George Orwell

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George Orwell
George Orwell press photo.jpg
Orwell's press caird portrait, 1943
Born Eric Arthur Blair
25 Juin 1903(1903-06-25)
Motihari, Bengal Presidency, Breetish Indie
Dee'd 21 Januar 1950(1950-01-21) (aged 46)
Varsity College Hospital, Lunnon, Ingland, UK
Restin place Sutton Courtenay, Oxfordshire, Ingland
Pen name George Orwell
Thrift Novelist, poleetical writer an jurnalist
Alma mater Eton College
Genre Dystopia, roman à clef, satire
Subject Anti-fascism an anti-Stalinist left, democratic socialism, leeterary creeticism, news, polemic
Years active 1928–50
Spoose Eileen O'Shaughnessy (1935–45, her daith)
Sonia Brownell (1949–50, his daith)

Signatur File:Orwell-Signature.svg

Eric Arthur Blair (25 Juin 1903 – 21 Januar 1950),[1] that uised the pen name George Orwell, wis a Breetish novelist, essayist, jurnalist an creetic, that's wark is chairacterised bi lucid prose, awaurness o social injuistice, opposeetion tae totalitarianism, an ootspoken support o democratic socialism.[2][3][4]

As a writer, Orwell produced leeterar creeticism an poetry, feection an polemical jurnalism; an is best kent for the allegorical novella Ainimal Ferm (1945) an the dystopian novelle Nineteen Aichty-Fower (1949). His non-feection warks, includin The Road tae Wigan Pier (1937), documentin his experience o wirkin-cless life in the north o Ingland, an Homage to Catalonia (1938), an accoont o his experiences sodgerin or the Republican faction o the Spaingie Ceevil War (1936–1939), are as creetically respectit as his essays on politics an leeteratur, leid an cultur. In 2008, The Times ranked George Orwell seicont amang "The 50 greatest Breetish writers syne 1945".[5]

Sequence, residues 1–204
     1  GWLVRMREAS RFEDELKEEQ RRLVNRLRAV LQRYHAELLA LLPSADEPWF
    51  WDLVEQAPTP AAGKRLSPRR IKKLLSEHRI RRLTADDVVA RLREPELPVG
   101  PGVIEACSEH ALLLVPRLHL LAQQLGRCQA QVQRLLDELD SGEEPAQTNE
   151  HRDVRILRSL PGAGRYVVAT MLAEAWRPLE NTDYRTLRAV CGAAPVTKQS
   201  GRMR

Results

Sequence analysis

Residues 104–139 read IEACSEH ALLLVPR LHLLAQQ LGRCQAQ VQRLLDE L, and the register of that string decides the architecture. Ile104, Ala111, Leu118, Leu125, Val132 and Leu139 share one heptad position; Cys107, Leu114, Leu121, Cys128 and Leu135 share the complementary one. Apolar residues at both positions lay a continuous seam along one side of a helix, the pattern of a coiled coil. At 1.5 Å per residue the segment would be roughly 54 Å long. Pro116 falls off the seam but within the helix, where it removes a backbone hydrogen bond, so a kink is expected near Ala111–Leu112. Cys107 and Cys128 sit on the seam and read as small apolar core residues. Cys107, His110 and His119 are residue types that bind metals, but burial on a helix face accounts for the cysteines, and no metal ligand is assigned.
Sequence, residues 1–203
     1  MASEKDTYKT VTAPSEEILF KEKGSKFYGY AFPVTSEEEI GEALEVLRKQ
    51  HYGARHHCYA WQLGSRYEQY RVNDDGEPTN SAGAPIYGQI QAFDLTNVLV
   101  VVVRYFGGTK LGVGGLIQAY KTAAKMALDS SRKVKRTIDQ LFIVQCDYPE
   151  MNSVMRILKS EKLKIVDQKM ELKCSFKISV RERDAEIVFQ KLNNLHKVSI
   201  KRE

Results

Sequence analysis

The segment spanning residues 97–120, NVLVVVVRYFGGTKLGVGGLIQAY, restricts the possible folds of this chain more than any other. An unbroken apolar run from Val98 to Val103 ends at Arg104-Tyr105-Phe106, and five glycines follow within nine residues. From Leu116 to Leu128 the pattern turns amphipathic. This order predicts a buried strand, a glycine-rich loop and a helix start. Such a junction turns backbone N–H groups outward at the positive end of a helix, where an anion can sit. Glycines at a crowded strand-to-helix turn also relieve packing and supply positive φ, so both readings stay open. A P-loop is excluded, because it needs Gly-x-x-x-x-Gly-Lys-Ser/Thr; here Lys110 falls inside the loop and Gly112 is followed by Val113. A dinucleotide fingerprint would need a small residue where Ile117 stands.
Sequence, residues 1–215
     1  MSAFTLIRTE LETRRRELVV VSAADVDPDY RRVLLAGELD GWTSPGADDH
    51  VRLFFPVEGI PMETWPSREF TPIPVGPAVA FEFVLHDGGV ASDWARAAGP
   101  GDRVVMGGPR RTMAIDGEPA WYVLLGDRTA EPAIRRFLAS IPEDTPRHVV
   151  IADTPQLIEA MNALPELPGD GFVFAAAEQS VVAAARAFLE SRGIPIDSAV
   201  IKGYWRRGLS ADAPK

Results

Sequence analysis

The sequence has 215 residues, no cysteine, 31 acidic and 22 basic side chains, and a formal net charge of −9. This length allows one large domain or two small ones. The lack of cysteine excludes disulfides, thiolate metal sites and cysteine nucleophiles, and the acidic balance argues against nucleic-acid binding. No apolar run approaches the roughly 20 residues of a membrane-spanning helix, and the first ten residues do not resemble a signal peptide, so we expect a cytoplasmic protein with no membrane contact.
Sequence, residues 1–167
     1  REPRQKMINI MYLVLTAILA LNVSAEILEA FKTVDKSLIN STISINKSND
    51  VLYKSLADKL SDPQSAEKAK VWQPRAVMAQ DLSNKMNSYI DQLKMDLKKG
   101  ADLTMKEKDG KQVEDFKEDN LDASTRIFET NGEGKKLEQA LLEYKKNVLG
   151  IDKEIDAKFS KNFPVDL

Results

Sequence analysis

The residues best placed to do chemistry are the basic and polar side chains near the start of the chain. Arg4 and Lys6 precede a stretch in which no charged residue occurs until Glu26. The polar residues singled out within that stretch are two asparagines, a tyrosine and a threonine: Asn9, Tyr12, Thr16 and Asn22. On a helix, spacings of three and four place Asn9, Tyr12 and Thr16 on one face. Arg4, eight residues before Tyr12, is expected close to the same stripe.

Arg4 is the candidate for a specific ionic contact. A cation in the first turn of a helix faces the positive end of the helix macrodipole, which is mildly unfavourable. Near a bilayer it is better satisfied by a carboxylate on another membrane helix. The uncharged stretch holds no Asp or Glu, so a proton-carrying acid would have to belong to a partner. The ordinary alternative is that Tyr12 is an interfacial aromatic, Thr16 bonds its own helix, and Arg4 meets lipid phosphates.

Orwell's wark remeens influential in popular cultur an in political cultur, an the adjective "Orwellian" – descrivin totalitarian an authoritarian social practices – is pairt o the modren leid, lik mony o his neologisms, such as "Big Brither", "Thocht Police", an "Hate week", "Room 101", the "memory hale", an "Newspeak", "dooblethink" an "proles", "unperson" an "thochtcrime".[6][7]

References[eedit | eedit soorce]

  1. "George Orwell". UCL Orwell Archives. Retrieved 7 November 2008. 
  2. "Why I Write" in The Collected Essays, Journalism and Letters of George Orwell Volume 1: An Age Like This 1945–1950 p. 23. (Penguin)
  3. Orwell, George (1968) [1958]. Bott, George, ed. Selected Writings. London: Heinemann. p. 103. ISBN 978-0435136758. Every line of serious work that I have written since 1936 has been written, directly or indirectly, against totalitarianism and for democratic socialism, as I understand it. [italics in original] 
  4. Gale, Steven H. (1996). Encyclopedia of British Humorists: Geoffrey Chaucer to John Cleese, Volume 1. Taylor & Francis. p. 823. 
  5. "The 50 greatest British writers since 1945". The Times. 5 January 2008. Retrieved 7 January 2014. 
  6. Robert McCrum, The Observer, 10 May 2009
  7. "Home : Oxford English Dictionary". Retrieved 2 September 2017.